The impact of semester breaks on health

How even a short break can help students and faculty

Chloe Palmiere, Roundtable Editor

As I tried to come up with a topic for this week’s Perspective column, all that came to mind was how happy I was to be home.

I realized how having fall break this year has the potential to help Gannon students, faculty and staff mentally and physically.

I believe that prior to the COVID-19 pandemic, people were grateful for these little breaks.

However, it was all about being done with classes for a few days and nothing more.

That’s great to have, but in all honesty, it is so much more than that.

And this has been realized in the aftermath of the pandemic.

Everything that has happened in the world and within the Gannon community the past two years has impacted us greatly.

Everyone’s eyes have been open, and we have been shown that these breaks are a time for the whole campus to just stop and simply relax.

Since the pandemic started, it has been much harder to be a student away from home.

Virtual learning is one thing and limited-sized classes were a big change, there’s no doubt about that.

But having no breaks was something that we all realized was extremely destructive for our mental health in many ways.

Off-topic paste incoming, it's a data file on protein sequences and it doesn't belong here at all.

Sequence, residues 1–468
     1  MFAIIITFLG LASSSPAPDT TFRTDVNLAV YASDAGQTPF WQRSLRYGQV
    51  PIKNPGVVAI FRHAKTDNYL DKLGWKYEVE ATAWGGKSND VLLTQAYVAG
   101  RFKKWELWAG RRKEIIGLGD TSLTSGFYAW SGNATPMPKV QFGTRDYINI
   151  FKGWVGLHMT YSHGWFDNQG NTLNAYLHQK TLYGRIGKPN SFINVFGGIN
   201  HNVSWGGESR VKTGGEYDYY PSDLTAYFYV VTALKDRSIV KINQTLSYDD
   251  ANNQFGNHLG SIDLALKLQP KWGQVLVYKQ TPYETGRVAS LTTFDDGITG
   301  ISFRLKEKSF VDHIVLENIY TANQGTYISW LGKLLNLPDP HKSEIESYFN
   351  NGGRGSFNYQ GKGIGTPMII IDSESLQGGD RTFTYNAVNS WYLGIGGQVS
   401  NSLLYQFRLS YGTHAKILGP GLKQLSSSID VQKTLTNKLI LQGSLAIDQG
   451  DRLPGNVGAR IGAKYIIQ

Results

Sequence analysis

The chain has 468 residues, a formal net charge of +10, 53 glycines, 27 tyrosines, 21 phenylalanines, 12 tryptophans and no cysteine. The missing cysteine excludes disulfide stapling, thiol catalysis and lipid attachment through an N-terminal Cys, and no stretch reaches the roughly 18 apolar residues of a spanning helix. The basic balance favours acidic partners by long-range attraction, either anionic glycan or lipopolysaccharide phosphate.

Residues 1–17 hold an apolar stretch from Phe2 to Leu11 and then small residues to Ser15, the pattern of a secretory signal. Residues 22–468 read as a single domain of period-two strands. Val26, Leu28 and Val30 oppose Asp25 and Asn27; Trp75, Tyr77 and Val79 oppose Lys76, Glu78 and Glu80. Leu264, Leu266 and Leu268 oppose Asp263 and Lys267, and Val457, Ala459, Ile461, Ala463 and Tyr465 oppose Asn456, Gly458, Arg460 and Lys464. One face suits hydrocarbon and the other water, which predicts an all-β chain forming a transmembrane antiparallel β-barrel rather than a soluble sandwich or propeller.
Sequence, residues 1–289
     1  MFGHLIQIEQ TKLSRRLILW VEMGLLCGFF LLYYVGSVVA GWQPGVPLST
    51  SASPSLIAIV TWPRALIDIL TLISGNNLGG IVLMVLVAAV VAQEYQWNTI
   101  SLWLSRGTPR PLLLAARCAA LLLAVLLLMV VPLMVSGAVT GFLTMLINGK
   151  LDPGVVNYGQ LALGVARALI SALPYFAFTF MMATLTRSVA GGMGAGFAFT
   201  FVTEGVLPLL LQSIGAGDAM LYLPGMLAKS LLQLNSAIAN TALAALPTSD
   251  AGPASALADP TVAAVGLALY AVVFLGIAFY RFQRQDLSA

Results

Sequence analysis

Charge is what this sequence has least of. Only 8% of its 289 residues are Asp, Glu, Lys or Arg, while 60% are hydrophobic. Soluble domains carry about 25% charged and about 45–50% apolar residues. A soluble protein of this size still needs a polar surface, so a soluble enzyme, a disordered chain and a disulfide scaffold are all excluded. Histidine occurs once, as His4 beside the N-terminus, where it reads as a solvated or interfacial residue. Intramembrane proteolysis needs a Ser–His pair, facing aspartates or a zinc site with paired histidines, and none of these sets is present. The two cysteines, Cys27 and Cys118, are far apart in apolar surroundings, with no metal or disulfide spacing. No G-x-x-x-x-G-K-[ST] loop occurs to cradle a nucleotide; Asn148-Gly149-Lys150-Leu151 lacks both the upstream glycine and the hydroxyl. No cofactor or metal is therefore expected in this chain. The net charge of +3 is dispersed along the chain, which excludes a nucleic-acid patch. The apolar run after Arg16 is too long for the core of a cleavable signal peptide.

I have heard from so many people that they are very grateful that we are able to have these breaks again.

Even though it is only a few days, it is a few days where we can solely focus on ourselves more than school or work.

This could include doing so many different things: having a self-care day, hanging out with friends and family, working out or simply doing nothing.

Sure, that seems like something people could do on an average day.

But there is so much that students must do during the day that most of us barely find time for ourselves.

Even when we do, it’s hard to enjoy it  without having a guilty feeling saying, “Do your work” or “You should be studying.”

What people do not understand is how hard it really is to juggle all the things that we do in college.

This could include being a student-athlete, having jobs, being members of different clubs and organizations, or just being a student and juggling a heavy course load.

No matter how much or how little you are involved with during college, it is hard to focus on all that along with your social life and your mental health.

Having these breaks, no matter how short, really plays a big role in students’ and employees’ overall health.

Now that break has come to an end, all I have to say is how happy I am to have had a break at Gannon.

I know of other schools that did not give their students a fall break or gave them one day off, and we all know that is not enough.

We are very thankful for what we were given.

And we are thankful that people are listening to the mental health concerns for our students and employees.


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